Date of this Version
Ecological Modelling 367 (2018), pp.10–12.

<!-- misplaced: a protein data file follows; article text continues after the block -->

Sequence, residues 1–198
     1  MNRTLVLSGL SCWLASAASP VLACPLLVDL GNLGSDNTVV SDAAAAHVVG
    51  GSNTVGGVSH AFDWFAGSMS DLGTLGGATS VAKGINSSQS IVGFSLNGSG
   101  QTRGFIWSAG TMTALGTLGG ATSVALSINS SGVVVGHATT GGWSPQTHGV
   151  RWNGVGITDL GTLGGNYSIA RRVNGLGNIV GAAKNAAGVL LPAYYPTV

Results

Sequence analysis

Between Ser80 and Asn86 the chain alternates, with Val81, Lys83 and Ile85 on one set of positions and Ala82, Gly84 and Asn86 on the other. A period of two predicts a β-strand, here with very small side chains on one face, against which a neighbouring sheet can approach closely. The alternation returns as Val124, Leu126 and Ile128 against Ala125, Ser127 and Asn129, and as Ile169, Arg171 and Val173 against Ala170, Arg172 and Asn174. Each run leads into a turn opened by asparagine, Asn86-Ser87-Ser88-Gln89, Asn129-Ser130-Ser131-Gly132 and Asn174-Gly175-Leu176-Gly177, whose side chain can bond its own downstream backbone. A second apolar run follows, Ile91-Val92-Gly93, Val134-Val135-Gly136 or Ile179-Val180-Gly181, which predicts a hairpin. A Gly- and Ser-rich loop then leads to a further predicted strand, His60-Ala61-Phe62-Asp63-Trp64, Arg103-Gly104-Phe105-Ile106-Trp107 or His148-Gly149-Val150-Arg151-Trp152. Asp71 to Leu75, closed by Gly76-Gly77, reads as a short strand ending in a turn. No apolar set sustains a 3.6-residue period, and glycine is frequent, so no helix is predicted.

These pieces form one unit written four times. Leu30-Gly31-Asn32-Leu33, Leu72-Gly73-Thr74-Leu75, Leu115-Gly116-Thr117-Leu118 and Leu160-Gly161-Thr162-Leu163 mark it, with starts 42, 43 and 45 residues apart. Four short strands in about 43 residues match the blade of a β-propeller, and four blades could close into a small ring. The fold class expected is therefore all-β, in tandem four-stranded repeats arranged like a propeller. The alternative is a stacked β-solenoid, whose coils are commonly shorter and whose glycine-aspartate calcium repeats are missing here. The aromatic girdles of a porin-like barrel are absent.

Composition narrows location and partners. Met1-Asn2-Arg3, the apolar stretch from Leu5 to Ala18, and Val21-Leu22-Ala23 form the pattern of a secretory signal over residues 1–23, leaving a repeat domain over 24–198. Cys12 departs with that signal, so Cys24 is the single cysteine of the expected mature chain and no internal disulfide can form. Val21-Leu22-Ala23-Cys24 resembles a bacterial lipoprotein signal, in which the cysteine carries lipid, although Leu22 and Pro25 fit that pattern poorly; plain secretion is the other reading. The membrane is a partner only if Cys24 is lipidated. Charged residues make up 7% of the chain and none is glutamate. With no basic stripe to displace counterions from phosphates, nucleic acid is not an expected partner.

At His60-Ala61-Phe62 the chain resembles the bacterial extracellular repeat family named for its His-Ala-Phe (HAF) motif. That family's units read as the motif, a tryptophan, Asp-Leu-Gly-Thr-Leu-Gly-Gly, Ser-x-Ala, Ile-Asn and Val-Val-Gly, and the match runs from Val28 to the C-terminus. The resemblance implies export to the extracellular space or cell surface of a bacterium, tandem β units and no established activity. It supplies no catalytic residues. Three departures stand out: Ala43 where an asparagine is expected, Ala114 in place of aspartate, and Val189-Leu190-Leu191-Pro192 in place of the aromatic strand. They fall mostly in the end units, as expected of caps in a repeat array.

The long-term survival of carnivores is greatly challenged by conflict with humans. Such conflicts can bolster risk perceptions,lower tolerance, and lead to support of lethal control of carnivores.To address this ubiquitous challenge and improve conservation outcomes specifically for American black bears (Ursus americanus),Marley et al. (2017) used an agent based model to explore how management strategies could alter the use of the urban environment by bears, and subsequently reduce the occurrence of human-bear conflicts. Management strategies entailed education only, where people were taught to remove food attractants, apply aversive conditioning, or both, and the authors considered different spatial configurations of implementation (border, clustered, and random). Education resulting in food removals led to a reduction in the food values of urban cells. Education resulting in aversive conditioning led to increased vigilance by humans and increased probability of a bear being deterred, which in turn, resulted in the bear moving a significant distance away from the urban cell as well as a reduced memory value for those cells. Food and memory cell values deter-mined the movement choices of the bears in the next time step, and cell visits along with the occurrence of deterrence events deter-mined the habituation and food conditioning status of bears. When bears reached thresholds determined by the authors, they changed their status from ‘graduated’ to ‘survival’ and eventually ‘conflict’ status, which was modeled as a function of independent variables including initialization conditions (e.g., percent urbanization; Table5 of Marley et al., 2017) and management strategies (e.g., clustered vigilance; Fig. 5 of Marley et al., 2017). The authors concluded that,compared to a ‘no teaching’ scenario, education works to reduce‘conflict’ bears in urban areas, and that teaching people to apply aversive conditioning was the most effective strategy.